Barramundi seek safe refuge after rains

Barra seek safe refuge after rains
Research has found that barramundi exhibit very accurate homing behaviour. Credit: Northern Australia Environmental Resources Hub

Research to understand the movements of fish in Top End waterways has found that barramundi exhibit very accurate homing behavior, traveling up to 80 km to their "home" billabongs after wet season rains.

Funded through the Australian Government's National Environmental Research Program (Northern Australia Hub) the research was recently published in the Journal of Animal Ecology.

Charles Darwin University Associate Professor and project lead David Crook said the research aimed to improve understanding of the seasonal movements of large-bodied fish in tropical rivers.

"It is widely understood that as the wet season rains flow into floodplains, fish begin to leave the refuge of their dry-season waterholes to capitalize on the abundance of new aquatic habitat and ," Dr. Crook said.

"What we wanted to understand was the movements and behavior of individual fish and their dispersal over floodplains."

To find out, Dr. Crook worked with researchers from the Department of Primary Industry and Resources, Fisheries Division and with support from Parks Australia, to implant into 25 barramundi and 29 fork-tail catfish to track their movements over an eight-month flood cycle in Kakadu's South Alligator River, 300 kms south-east of Darwin.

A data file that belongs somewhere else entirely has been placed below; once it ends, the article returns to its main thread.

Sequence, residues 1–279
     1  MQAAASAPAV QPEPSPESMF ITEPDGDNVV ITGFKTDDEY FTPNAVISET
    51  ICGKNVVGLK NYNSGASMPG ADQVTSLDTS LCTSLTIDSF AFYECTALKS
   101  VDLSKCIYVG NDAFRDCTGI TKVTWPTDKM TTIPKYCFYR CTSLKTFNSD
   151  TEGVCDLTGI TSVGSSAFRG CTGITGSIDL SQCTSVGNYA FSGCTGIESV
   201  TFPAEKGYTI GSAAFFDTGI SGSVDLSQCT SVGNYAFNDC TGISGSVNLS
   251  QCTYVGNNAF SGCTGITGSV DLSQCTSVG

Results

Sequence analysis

"We found that the majority of fish that survived the wet season sought out and recolonized their 'home' billabong, even if there was suitable habitat closer to their wet season feeding grounds," he said.

Dr. Crook said both species altered their behavior in response to changes in the availability and distribution of aquatic habitat.

"Although there was a lot of individual variation in patterns, some barramundi and catfish traveled up to 80 km from their dry-season waterhole during the wet," Dr. Crook said.

He said this type of homing behavior allowed fish to travel widely to seek food during the wet , while reducing the risk of fish becoming stuck on drying floodplains as the flood waters receded.

"This has helped address a gap in understanding the behavior and fates of individual ," he said. "It gives us a better understanding of food webs and energy flows in these dynamic river systems as environmental conditions change."

Explore further

Can salmon eat their way out of climate change?

More information: David A. Crook et al. Tracking the resource pulse: Movement responses of fish to dynamic floodplain habitat in a tropical river, Journal of Animal Ecology (2019). DOI: 10.1111/1365-2656.13146
Journal information: Journal of Animal Ecology

Citation: Barramundi seek safe refuge after rains (2020, January 29) retrieved 26 February 2020 from
This document is subject to copyright. Apart from any fair dealing for the purpose of private study or research, no part may be reproduced without the written permission. The content is provided for information purposes only.

Feedback to editors

User comments